SORORITY ROW quad poster



On its opening night, I went to see SORORITY ROW, a flick that is a silly remake of a just-as- silly 1980s slasher.  Slashers aren’t my favorite horror flicks, so why this lame remake inspired me, I’ll never know.  But inspire it did, and I set myself the task of reviewing a bunch of school-based slashers. Below is the twelfth and final part of this series, which brings me back to the beginning.




And so here I am, back at the beginning.  After eleven reviews, I gathered it was time to take a look at the slasher that started it all.  SORORITY ROW is in many ways just like those eleven other school slashers;  it’s got a school, a slasher, and a bunch of young people for the slaughter.  It even qualifies as a loosely based remake of one of those films, THE HOUSE ON SORORITY ROW.  But it’s also got its foot in the new century, with cell phones and cheeky dialogue that comments on the modern age.  That foot forward also attempts to distance it from those films, as it claims it’s based on a draft of the script for the original, instead of the original itself.  It drops the jester killer from its source, his unresolved identity, and that film’s naive sense of innocence and fun.  That last omissions cuts the deepest, as SORORITY ROW turns out to be a snarky, bitchy film where I was hoping a nuke would drop at the film’s conclusion and kill every single character in the film.  And hey, that’s rare.


SORORITY ROW establishes its plot and introduces its characters at a party in the sorority house.  While girls in pink pajamas bounce on a bed and have a pillow fight, others mark up a girl’s fat pockets with Sharpies.  Yes, this party is fully misogynistic fantasy developed by older male writers.  As the camera swoops through the party, it’s clear that everyone at this fest is a college douche bag, except the drunken house mother, who probably drinks heavily because she’s a house mother for a bunch of douche bags.  Our five main characters meet upstairs, where they toast insults to each other.  Lead bad girl Jessica reveals to goody-goody Cassidy that they’ve set up Chugs’ brother to think he killed his ex-girlfriend with roofies.  This sets the plot in motion, as the girls and the brother drive the phony corpse out to an abandoned mineshaft to “dispose of the body.”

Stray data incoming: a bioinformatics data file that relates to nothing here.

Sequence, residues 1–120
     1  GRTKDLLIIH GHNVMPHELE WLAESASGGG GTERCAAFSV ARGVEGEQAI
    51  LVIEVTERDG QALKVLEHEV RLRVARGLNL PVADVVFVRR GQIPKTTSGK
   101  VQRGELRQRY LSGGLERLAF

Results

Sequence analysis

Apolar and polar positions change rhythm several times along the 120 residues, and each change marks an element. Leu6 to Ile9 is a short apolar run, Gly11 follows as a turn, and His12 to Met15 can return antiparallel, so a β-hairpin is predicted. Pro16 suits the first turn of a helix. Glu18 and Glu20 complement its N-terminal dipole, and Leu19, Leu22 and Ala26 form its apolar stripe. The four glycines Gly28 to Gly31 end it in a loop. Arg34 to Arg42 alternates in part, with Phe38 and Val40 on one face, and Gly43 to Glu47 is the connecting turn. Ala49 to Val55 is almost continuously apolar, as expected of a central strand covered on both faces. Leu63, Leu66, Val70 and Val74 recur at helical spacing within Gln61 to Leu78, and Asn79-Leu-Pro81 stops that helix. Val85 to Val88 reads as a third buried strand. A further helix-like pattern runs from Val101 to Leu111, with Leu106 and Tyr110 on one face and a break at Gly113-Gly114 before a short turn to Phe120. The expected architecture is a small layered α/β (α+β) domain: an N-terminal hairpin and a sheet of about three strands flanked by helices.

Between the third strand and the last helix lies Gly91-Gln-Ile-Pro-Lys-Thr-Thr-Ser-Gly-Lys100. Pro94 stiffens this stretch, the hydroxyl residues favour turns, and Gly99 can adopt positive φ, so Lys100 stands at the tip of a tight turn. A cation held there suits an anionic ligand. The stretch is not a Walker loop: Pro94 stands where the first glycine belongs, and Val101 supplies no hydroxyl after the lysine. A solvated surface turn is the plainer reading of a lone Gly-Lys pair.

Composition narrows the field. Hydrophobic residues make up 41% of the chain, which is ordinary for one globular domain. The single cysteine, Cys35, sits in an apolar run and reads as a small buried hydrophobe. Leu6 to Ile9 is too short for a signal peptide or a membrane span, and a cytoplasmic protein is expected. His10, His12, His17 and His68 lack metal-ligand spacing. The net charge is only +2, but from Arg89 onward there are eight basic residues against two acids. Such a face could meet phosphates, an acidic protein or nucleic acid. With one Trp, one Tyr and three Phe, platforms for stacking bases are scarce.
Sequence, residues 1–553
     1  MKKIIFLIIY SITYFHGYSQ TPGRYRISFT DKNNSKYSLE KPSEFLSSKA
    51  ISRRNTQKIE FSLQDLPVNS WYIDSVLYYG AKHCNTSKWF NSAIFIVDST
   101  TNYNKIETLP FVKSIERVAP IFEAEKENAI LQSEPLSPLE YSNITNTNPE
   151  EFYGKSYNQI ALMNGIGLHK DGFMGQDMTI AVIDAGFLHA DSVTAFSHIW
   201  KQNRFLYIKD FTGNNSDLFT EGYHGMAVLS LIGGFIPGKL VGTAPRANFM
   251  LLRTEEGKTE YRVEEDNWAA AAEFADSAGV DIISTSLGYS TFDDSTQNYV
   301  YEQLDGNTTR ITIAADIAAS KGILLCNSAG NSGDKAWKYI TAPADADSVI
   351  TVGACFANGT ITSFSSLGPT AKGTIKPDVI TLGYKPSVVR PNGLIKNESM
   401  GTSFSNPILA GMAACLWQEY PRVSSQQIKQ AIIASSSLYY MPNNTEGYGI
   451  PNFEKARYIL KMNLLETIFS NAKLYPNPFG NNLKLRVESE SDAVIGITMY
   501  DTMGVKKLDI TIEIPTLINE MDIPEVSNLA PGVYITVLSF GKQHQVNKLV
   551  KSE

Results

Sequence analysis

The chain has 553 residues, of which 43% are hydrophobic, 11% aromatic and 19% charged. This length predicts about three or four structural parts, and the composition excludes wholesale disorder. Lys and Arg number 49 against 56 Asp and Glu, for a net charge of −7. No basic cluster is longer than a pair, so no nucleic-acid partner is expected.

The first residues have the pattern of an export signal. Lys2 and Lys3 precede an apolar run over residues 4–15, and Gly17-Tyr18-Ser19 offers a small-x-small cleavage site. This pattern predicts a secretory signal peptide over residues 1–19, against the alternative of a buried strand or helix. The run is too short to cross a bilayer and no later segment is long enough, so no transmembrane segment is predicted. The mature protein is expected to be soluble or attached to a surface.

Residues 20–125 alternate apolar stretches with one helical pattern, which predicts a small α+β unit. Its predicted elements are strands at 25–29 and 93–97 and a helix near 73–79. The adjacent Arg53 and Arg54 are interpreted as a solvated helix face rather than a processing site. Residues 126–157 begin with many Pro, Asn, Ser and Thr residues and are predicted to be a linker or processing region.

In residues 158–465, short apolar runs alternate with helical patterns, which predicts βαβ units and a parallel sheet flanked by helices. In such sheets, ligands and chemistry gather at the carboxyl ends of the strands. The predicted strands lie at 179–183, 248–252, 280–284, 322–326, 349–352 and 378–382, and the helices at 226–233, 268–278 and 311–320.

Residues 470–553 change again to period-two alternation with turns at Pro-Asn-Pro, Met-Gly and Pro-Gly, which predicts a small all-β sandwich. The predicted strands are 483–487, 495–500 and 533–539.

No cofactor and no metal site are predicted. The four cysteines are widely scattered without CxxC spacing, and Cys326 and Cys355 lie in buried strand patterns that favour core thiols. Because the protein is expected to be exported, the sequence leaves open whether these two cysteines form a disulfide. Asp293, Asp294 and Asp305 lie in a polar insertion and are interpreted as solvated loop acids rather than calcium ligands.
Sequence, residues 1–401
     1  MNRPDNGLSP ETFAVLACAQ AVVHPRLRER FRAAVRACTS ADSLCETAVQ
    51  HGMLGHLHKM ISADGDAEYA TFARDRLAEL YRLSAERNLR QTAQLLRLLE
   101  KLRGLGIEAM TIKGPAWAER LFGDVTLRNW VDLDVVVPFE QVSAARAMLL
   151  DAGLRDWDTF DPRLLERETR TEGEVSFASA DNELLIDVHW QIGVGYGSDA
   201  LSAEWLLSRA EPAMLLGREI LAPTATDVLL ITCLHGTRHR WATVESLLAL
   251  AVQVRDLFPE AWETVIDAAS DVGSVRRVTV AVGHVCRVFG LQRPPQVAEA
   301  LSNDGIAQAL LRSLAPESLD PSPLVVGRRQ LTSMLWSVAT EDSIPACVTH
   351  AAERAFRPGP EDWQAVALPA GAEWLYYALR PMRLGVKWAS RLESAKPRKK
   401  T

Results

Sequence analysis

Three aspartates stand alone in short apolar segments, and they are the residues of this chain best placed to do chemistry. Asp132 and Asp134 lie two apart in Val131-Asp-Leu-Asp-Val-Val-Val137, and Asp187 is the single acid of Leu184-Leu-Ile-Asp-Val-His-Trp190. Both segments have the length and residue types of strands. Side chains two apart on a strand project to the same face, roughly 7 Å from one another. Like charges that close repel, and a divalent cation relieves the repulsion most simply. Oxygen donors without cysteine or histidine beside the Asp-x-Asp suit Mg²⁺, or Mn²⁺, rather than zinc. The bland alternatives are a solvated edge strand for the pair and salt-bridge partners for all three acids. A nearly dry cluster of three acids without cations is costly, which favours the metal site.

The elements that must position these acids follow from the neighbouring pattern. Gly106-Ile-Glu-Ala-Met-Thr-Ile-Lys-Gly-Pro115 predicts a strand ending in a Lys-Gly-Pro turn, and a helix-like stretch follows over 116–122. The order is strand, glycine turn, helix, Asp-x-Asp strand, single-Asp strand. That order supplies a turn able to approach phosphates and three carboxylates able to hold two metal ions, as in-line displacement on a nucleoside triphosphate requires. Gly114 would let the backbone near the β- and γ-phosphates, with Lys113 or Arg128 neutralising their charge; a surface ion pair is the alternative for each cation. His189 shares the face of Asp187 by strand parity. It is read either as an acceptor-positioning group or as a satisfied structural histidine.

Self-explanatory Row




That move leads to the best moment in the movie:  thinking that his ex is really dead, and that air in her lungs will float her to the top of the water, the guy drives a tire iron into her chest (The trailer spoiled that before the film was even out, so it’s fair game).  While Cassidy wants to tell the police, Jessica convinces the rest that they should cover the murder up, so they don’t ruin their families’ legacies or their own futures.  When Cassidy threatens to turn them in, including herself, the others say they will blame her for murder.  Jessica’s manipulation wins out, and they dump the body down the shaft.




Even her name is annoying: Chugs



Let’s pause and reflect on this.  The movie sets up Jessica to be our main baddie, who hides behind the sorority code of “Trust, Honor, Respect, Solidarity, Secrecy,” twisting the others by invoking their families and futures.  But let’s face facts:  all these characters are scumbags.  Though Cassidy rightly objects to hiding the murder, she makes the pact with the rest of them, and abides by it.  This actually makes her the worst character morally, because unlike Jessica, who has no qualms doing so, Cassidy believes she’s doing wrong and does it anyway.  But each is equally complicit;  they caused a death, and take no responsibility for it.  Therefore, the Law of Annoying Characters’ Pleasing Deaths applies to the entire cast of characters we’re supposed to root for. Any five-hour how-to video on screenwriting would tell you this is terrible writing.  When it’s impossible for me to sympathize with anyone, a film has no sympathetic leads, and fails on all cylinders.




The ultimate case of Annoying Characters' Pleasing Deaths




It doesn’t help that most of these characters are bitches, as several of them constantly make note of in the dialogue.  They’re sarcastic, caustic and outright rude.  The film’s dialogue is supposed to be hip (as if tossing out a Facebook comment makes this movie so current), but it comes out as ridiculous and phony;  it certainly doesn’t make any of one likable.  When it becomes clear that someone has discovered their secret and has decided to kill them, it’s a relief, if only because death should shut them up.  The killer also murders several students unrelated to the crime, just because they’re douche bags too, I’m sure.  As if there aren’t enough of them in the film, the script also introduces us in the second act to the dead girl’s little sister, who’s less concerned with mourning than pledging the sorority and bedding down Jessica’s boyfriend.  This film has such a terrible view of college kids, that it made me wonder what kind of post-high school education its writers had.